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Delineating river network quinary catchments for South Africa and allocating associated daily hydrological information
Expanded Title:Nested hierarchical catchments are employed in a wide range of applications (e.g. water resource management, conservation planning, environmental impact or flow assessments, climate change or hydrological modelling, etc.). However, quaternary catchments are fairly large topographical units within which the physiography is highly heterogeneous. This makes quaternary catchment interpolation to finer resolutions incorrect. Presently, there are efforts for sub-delineation of catchments both locally and internationally but these efforts are piecemeal. Thus the consistent and standardized methods and protocols for sub-delineation are lacking, and conflicting boundary extractions hinder data sharing and comparison of assessment and monitoring information. Therefore, this project was initiated to produce a fifth level quinary catchment GIS layer with linked hydrology for which the pre-cursors were altitudinal and river network quinary catchments. This report discusses the methodology used in creating altitudinal quinaries and the methodology used to assign daily hydrological data. The methodology used to transpose the daily hydrological data to the river network quinaries is given for the following hydrological information: daily rainfall values; daily minimum and maximum temperatures; daily values of solar radiation; daily vapour pressure deficit; reference potential evapotranspiration; hydrological soils attributes and hydrological baseline land cover types.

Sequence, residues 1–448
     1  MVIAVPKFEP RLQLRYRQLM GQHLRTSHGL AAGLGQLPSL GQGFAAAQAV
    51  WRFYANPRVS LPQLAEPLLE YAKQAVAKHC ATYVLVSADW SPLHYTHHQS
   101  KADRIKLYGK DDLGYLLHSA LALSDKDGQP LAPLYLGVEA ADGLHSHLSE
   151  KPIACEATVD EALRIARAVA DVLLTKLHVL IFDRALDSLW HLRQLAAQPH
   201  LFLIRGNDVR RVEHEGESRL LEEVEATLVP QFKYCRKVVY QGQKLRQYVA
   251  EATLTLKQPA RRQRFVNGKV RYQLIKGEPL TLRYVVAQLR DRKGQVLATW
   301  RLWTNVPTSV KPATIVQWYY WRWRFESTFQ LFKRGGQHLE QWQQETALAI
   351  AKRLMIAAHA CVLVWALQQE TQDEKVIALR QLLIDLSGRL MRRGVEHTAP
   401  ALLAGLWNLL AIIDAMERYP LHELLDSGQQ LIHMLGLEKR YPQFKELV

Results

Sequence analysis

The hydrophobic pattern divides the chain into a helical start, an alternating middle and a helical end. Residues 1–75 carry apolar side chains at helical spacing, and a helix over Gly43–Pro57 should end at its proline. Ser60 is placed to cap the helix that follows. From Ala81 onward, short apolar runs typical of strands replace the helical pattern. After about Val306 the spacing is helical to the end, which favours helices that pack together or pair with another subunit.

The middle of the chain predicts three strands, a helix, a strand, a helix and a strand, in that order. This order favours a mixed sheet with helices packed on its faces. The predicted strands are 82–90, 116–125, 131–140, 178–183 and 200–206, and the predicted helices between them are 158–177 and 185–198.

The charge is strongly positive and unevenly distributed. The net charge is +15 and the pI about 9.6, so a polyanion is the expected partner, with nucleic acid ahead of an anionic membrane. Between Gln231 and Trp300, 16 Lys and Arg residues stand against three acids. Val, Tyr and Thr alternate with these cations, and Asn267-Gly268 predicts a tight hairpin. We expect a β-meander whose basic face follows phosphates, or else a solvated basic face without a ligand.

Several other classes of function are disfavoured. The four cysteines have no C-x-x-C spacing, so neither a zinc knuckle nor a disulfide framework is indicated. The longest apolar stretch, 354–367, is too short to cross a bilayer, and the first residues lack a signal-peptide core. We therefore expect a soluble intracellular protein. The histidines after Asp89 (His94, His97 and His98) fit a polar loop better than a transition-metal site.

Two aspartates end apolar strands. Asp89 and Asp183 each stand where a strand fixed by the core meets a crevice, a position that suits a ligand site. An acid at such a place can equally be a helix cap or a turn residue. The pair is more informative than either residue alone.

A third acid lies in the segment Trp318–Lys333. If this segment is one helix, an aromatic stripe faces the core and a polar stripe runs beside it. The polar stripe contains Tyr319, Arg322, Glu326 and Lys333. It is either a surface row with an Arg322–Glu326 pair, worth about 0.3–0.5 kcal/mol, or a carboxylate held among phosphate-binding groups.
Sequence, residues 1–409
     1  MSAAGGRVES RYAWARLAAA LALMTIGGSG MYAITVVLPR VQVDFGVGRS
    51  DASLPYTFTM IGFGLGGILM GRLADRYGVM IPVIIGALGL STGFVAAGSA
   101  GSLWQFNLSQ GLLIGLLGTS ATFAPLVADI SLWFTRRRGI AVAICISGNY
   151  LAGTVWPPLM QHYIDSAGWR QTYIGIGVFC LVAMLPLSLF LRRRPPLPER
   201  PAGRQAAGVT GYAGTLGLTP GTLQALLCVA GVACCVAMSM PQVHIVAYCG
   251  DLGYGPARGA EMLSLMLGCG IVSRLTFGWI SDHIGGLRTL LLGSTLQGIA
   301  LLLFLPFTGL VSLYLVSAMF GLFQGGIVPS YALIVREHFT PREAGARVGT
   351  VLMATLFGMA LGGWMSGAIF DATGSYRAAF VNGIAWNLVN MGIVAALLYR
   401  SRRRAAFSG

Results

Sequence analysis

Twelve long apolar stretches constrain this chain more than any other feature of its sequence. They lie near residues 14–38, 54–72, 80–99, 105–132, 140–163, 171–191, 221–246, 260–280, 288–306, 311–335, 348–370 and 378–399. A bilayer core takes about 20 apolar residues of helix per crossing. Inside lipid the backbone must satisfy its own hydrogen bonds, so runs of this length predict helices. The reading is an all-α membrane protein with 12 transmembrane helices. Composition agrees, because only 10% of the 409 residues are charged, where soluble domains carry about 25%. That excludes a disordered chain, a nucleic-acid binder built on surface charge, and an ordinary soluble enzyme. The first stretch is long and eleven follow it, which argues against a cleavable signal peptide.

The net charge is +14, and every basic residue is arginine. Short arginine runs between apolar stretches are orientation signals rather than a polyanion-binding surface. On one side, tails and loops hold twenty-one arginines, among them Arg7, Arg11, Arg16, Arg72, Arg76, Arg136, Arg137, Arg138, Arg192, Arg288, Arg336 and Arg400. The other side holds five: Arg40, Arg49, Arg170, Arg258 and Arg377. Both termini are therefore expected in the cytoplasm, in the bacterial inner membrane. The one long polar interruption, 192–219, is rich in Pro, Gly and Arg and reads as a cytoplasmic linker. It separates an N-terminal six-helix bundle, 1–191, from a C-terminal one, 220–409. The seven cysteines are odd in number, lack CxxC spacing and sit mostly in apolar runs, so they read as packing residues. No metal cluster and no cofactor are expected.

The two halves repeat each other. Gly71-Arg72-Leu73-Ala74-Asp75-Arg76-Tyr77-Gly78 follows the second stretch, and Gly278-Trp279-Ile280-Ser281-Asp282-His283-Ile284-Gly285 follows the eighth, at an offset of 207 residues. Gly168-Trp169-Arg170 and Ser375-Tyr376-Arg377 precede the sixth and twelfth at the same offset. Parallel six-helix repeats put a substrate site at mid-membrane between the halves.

Date Published:01/03/2013
Document Type:Research Report
Document Subjects:Water Resource Management/IWRM - Catchment Management, Water Resource Management/IWRM - Hydrogeology
Document Format:Report
Document File Type:pdf
Research Report Type:Standard
WRC Report No:2020/1/12
ISBN No:978-1-4312-0387-1
Authors:Maherry AM; Horan MJC; Smith-Adao LB; van Deventer H; Nel JL; Schulze RE; Kunz RP
Project No:K5/2020
Originator:WRC
Organizations:Natural Resources and the Environment, CSIR
Document Size:2 371 KB
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